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This is Not My Beautiful House

December 1, 2012

How clean is your house? Could it withstand a visit from an unexpected guest? How clean is your house? Could it pass the test that we all dread: unexpected guests? I pose the question because a friend of mine relayed an irritating scenario to me that I just had to write about. A friend of […]

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Top 10 Classic Parenting Phrases and What They Really Mean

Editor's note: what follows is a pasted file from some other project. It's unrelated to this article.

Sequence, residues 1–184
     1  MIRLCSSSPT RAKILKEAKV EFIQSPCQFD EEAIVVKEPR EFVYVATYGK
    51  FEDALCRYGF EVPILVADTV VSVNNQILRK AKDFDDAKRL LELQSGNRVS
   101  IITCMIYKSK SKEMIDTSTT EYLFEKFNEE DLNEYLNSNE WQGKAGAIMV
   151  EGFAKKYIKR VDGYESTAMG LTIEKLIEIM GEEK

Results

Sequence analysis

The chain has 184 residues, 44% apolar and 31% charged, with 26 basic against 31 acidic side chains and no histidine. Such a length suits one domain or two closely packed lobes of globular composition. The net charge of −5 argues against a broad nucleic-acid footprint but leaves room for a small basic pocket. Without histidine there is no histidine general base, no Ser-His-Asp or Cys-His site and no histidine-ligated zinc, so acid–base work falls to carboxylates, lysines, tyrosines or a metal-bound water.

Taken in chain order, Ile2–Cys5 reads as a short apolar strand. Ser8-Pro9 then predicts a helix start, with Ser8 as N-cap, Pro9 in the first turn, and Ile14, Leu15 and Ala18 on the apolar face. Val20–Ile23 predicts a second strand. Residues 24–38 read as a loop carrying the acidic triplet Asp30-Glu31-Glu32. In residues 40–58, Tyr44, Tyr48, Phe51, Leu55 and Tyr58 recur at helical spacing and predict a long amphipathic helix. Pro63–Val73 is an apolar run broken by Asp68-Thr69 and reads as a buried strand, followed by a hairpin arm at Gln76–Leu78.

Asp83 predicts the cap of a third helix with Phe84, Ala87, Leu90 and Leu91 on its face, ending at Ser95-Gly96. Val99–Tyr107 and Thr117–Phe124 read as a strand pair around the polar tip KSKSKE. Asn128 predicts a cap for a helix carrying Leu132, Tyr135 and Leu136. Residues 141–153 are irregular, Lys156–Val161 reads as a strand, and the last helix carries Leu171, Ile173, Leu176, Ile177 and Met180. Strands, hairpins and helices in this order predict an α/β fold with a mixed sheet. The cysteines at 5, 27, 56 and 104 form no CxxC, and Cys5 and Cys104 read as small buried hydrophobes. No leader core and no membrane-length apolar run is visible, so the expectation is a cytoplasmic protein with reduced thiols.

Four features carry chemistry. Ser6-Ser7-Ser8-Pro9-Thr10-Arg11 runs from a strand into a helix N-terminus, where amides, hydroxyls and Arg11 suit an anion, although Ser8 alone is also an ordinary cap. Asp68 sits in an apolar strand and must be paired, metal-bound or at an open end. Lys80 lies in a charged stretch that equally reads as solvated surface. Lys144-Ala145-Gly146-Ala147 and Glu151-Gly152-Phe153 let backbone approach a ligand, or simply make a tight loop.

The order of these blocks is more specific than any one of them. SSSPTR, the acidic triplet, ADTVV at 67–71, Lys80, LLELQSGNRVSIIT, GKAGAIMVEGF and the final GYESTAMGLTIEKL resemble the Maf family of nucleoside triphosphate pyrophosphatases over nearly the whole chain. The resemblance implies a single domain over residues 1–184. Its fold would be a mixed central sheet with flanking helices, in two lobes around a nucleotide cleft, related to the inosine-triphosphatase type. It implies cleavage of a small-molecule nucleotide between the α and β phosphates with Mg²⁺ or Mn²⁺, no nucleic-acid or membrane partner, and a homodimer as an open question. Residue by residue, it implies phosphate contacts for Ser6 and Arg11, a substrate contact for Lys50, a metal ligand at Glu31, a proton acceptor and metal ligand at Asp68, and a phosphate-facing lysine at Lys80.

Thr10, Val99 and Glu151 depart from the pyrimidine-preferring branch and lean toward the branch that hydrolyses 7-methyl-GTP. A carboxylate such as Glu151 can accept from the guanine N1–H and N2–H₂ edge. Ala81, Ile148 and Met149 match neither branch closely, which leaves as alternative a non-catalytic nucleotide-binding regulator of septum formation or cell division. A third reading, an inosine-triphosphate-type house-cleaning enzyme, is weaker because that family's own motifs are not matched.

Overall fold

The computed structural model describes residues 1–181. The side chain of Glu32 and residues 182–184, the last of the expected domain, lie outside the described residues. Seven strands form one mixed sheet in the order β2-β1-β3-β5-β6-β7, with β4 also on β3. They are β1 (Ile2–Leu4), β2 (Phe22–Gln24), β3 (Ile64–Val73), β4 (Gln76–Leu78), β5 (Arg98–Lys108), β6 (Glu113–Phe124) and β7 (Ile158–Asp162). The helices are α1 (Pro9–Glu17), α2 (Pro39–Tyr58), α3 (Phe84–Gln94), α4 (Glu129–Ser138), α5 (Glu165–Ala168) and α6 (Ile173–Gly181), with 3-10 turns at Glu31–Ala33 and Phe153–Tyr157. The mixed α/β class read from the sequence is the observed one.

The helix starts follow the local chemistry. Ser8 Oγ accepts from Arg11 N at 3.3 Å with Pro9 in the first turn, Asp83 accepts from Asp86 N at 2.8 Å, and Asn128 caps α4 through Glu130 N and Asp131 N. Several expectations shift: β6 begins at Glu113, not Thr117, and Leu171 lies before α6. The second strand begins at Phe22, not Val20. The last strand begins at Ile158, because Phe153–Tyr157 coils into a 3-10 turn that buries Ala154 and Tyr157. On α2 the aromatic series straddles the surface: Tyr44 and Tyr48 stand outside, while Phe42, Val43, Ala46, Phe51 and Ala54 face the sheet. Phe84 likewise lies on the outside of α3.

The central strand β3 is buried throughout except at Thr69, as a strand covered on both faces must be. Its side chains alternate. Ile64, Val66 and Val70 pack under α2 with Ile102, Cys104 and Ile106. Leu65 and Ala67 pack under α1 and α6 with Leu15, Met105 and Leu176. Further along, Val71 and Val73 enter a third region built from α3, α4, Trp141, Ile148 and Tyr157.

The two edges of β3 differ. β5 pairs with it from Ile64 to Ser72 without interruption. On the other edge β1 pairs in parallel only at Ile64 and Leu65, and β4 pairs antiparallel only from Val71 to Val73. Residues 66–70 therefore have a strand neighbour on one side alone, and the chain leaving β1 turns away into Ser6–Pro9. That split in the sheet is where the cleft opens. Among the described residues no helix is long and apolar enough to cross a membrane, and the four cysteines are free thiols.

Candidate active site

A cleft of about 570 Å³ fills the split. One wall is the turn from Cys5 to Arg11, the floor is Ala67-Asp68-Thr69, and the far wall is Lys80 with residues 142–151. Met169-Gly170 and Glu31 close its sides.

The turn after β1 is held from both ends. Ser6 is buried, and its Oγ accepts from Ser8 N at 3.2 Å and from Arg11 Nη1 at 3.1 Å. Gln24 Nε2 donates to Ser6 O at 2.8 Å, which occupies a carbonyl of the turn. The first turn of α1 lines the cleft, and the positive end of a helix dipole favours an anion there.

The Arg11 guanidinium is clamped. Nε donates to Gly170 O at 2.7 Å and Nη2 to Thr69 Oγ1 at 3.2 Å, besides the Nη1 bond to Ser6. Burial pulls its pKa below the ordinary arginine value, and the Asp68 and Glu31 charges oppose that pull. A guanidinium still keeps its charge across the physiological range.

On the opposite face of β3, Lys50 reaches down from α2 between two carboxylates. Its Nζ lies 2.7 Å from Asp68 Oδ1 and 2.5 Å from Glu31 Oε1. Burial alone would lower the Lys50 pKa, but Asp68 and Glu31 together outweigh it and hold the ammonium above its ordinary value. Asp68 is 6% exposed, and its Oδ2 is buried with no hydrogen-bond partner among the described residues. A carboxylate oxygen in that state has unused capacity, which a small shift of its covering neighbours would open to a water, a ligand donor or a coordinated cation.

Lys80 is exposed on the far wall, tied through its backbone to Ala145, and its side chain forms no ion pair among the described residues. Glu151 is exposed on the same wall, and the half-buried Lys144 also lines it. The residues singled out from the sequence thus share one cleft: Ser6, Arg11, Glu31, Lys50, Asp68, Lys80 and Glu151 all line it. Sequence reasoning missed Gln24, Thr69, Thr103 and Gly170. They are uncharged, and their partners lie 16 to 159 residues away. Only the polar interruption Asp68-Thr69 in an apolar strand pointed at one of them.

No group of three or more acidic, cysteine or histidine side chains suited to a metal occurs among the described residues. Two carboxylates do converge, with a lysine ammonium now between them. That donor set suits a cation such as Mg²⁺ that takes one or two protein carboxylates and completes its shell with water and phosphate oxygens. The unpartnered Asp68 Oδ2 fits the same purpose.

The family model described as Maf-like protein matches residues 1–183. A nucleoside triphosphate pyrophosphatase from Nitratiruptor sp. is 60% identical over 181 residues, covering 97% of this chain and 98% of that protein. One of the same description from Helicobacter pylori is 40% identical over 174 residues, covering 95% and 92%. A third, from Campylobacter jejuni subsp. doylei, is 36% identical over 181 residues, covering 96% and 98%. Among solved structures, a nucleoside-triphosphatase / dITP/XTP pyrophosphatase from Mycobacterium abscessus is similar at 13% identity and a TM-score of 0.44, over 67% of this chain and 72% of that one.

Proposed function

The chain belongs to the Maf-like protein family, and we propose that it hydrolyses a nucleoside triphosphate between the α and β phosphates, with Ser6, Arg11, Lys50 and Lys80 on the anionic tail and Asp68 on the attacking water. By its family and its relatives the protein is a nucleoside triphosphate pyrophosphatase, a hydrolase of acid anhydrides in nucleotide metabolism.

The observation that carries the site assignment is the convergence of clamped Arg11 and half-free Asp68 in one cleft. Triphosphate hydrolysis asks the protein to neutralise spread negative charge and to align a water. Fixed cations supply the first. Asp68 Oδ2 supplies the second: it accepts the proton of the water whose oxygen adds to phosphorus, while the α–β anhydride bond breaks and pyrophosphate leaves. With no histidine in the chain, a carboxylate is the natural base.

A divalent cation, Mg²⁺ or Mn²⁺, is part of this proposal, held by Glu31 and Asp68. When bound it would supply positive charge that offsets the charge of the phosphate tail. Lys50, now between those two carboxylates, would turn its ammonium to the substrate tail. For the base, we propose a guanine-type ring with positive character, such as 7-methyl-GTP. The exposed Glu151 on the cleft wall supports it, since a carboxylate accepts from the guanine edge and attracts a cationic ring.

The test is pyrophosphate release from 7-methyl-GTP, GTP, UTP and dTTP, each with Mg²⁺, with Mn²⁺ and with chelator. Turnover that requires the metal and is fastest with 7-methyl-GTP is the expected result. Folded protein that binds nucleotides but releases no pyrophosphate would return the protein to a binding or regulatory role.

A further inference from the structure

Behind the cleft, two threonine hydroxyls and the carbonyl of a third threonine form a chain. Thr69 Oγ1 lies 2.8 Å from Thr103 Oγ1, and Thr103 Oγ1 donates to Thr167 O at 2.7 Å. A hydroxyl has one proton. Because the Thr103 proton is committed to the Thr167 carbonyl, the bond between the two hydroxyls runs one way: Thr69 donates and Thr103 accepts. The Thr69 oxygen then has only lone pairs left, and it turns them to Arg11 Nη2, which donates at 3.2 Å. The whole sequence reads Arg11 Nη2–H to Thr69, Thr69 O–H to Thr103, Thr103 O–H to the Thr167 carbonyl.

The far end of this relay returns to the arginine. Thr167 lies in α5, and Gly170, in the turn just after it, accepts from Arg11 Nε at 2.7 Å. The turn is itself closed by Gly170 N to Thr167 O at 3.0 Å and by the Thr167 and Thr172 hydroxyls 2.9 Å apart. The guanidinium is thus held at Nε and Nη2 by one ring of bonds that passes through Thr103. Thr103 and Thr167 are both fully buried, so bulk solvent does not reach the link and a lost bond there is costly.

November 13, 2012

We’ve all heard them. Those annoying phrases that our parents said to us growing up and now that we’re parents ourselves, we’ve decided to inflict them our own kids. There must be a gene that is passed on from generation to generation that provides the ability for a parent to realize the most profound of […]

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Courtesy and Kindess Are Currently Unavailable

September 17, 2012

If you have kids and have gone through potty training, then you know that even when they’re more or less on the other side of the Pull-Up spectrum, you’re not completely out of the woods for some time. Kids aged three to five have remarkably small bladders and an even smaller window of time between […]